EuroBSDCon 2008 will be Oct. 18-19th at the University of Strasbourg, France.
NYCBSDCon 2008 will be October 11-12th at Columbia University.
BSDCan 2008 will be May 16-17th, in Ottawa, Canada.
AsiaBSDCon 2008 will be the 27-30th of March, at the Tokyo University of Science, Tokyo, Japan
EuroBSDCon’s dates were recently announced, which is what caused this post. Has anyone noticed that not so many years ago, BSD conventions were just informal gatherings held at Linux-centric events? An interesting change.
BSDTalk 142 has an interview with Ken Smith, lead release engineer for FreeBSD. I haven’t listeded to the interview yet, but I daresay it covers the recent 7.0 release.
It’s always entertaining to see where release announcements appear.Â I like this one from _why, as it’s way better than the usual announcement reprint.Â Plus, it’s the first art/code blog I’ve ever seen.
Dru Lavigne posted that the latest issue of the Open Source Business Resource is available; this issue being about “open data”.
The 1.12 release is out now, and should be available on any of the mirrors. I’m blockquoting the announcement:
This release is primarily a maintainance update. A lot of work has been done all over the kernel and userland. There are no new big-ticket items though we have pushed the MP lock further into the kernel.
The 2.0 release is scheduled for mid-year.
Of the current big-ticket item work, the new HAMMER filesystem is almost to the alpha stage of development and is expected to be production ready by the mid-year 2.0 release.
If you’re a student, start thinking about potential Summer of Code projects, as Google’s starting their 2008 edition.
BSDTalk 141 has Kris Moore from PC-BSD talking about their recent release 4 of PC-BSD’s packaging system, PBI.
Looking at the general information page from Google and this OnLAMP article, it appears that Google’s new phone operating system, Android, is based both on Linux (the kernel) and OpenBSD/NetBSD (libc). I wonder how much of the GNU tools are on there.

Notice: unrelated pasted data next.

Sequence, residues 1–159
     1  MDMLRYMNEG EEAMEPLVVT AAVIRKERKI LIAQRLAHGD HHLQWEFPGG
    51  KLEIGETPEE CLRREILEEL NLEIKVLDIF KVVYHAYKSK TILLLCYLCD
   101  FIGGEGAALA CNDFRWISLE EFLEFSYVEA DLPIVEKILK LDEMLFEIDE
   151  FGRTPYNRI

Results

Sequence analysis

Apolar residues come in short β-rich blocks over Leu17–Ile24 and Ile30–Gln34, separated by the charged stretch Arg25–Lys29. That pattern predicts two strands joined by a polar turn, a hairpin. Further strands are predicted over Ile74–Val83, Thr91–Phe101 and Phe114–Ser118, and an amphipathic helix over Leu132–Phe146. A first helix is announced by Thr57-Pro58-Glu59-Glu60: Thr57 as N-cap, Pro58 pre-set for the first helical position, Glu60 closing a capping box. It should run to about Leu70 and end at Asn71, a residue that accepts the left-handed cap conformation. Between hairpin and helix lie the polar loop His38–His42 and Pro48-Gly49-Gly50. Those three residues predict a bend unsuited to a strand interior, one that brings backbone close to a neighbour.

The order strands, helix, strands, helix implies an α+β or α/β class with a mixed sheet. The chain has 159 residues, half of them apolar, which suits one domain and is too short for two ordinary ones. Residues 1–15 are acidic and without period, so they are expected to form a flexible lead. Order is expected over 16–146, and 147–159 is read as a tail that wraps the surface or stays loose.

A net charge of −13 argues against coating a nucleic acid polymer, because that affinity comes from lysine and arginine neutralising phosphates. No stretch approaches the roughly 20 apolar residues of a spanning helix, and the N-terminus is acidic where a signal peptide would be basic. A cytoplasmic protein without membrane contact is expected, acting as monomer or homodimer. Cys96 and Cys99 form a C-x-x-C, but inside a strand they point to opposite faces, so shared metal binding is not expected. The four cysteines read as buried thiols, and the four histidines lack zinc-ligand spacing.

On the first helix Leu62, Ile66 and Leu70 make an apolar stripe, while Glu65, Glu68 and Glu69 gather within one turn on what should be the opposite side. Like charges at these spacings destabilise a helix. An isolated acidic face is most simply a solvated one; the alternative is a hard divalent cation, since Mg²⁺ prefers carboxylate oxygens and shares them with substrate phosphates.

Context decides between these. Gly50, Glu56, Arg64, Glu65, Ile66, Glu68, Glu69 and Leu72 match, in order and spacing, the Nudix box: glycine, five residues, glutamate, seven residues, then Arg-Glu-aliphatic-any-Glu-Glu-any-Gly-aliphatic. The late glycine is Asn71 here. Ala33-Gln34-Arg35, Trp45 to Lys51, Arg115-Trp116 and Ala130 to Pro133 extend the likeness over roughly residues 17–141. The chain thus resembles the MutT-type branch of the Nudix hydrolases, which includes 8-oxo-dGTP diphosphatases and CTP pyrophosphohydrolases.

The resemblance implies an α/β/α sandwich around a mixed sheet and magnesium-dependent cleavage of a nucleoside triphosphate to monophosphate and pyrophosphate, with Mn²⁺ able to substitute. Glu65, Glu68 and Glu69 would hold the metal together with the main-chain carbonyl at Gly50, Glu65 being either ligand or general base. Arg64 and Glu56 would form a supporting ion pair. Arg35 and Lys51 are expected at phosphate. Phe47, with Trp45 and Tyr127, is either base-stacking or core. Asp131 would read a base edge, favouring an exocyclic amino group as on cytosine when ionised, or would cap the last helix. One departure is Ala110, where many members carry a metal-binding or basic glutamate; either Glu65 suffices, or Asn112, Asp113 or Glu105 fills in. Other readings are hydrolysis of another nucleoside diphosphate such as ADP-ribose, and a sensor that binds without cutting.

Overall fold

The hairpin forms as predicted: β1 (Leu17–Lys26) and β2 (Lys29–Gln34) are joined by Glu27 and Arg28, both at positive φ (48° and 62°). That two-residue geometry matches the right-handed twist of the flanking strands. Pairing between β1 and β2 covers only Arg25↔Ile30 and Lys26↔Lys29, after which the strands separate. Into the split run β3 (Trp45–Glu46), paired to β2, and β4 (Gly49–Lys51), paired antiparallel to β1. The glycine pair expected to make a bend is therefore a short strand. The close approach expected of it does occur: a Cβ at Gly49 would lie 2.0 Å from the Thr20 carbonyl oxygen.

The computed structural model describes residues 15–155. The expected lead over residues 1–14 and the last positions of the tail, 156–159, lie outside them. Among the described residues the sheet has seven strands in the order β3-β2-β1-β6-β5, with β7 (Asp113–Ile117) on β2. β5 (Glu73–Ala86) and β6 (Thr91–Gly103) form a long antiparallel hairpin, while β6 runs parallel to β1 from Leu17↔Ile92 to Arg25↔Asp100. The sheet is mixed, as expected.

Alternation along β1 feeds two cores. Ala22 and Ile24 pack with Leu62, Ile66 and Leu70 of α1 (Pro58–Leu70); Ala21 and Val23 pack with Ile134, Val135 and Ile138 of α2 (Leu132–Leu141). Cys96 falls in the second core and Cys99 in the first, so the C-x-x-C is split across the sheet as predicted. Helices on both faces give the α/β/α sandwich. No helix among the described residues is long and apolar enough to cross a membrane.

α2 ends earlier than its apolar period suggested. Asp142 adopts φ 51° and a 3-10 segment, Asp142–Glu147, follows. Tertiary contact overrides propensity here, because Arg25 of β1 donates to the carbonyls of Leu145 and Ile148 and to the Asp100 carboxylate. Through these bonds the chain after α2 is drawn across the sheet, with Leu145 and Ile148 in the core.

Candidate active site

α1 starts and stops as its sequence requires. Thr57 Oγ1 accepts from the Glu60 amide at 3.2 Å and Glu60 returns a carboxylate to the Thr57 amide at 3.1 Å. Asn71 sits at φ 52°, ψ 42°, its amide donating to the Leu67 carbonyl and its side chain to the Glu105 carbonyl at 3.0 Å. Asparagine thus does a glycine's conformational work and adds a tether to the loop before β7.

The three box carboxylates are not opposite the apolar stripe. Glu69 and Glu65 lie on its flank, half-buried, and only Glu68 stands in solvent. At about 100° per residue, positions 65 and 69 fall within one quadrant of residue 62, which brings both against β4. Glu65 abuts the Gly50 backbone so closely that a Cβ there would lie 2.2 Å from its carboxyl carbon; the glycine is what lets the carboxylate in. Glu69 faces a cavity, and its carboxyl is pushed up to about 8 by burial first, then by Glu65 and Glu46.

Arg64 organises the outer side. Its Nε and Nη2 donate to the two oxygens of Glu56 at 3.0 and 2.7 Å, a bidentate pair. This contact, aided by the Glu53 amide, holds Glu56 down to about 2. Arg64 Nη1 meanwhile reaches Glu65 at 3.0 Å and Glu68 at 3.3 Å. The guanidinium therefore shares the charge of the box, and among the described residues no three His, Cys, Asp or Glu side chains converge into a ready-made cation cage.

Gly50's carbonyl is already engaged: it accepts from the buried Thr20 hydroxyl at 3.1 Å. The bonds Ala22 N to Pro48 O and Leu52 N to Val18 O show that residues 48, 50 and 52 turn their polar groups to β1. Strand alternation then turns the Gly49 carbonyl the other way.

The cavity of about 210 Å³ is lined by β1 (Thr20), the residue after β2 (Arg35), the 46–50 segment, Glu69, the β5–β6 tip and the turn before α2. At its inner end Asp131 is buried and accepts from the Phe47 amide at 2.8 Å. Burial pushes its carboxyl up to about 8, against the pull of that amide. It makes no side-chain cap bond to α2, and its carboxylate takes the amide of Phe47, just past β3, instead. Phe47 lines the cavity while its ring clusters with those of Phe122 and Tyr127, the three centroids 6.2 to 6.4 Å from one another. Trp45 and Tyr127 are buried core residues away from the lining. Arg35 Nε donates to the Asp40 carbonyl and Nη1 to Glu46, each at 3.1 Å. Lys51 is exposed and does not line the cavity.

I also wonder what moved them to that decision.Â Part of the Android FAQ section points at this article about the Apache License (a BSD-style license) being preferable.
Matthew Dillon’s latest HAMMER update covers the last 3 items needed, and it’s almost-but-not-quite testing time.
Microsoft has made announcements about interoperability with open source and their products.Â Lots of analysis of this is happening, though I like chromatic’s summary best.
1.12 is being released Monday the 25th – test now!Â If something drastic comes up, Wednesday is the backup date.
I’m changing the layout of the pkgsrc binary archive; see my message to kernel@ for details.
‘walt’ passed along a note about his success using grub2 to boot DragonFly.
Ohloh.net keeps statistics for a variety of open-source projects, including DragonFly.Â It tells a story mostly based on source code analysis.Â Which committer for DragonFly has the least commits?Â Me!Â Of course, it’s my news articles from this blog that show up on the project page, so it’s missing out on what I’ve heard called the “atmosphere” around open source projects.Â Hubert Feyrer seems to think the same way.
Pardon while I indulge in my favorite language, but OnLAMP.com has some interesting stuff on mod_perl6 (the linked presentation is interesting) and REST, shown in a way that is both terse and complete.
Puget Sound Technologies is holding a training class for BSDA (as in BSD Associate) certification down in Texas in late April.Â The teacher, Jeremy C. Reed, has contributed to DragonFly, among other things.Â (Via BSDNews)
The most recent FreeBSD progress report is out; among other things, it talks about work on multi-IPv4/IPv6 jails, TCP cleanup, and TCP reassembly optimization.Â Â Interestingly, I think there’s related work in DragonFly – the DragonFly jail changes were about a year ago, and Jeff Hsu’s work on the DragonFly network stack seems similar.
I doubt there’s many people on the planet with the brainpower and time for this, but it would be interesting to have a large-scare compare/contrast of the different BSD styles for solving problems in code.
Matthew Dillon found a memory corruption bug in sendmail; it is patched in the 1.12 release branch and in HEAD.
Matthias Schmidt has updated pkg_search with a ‘-s’ option, which provides the long description of the item(s) found in the search.
Dru Lavigne’s latest blog post has a pile of good links in it; I’m just going to point at it and tell you to make with the clicking.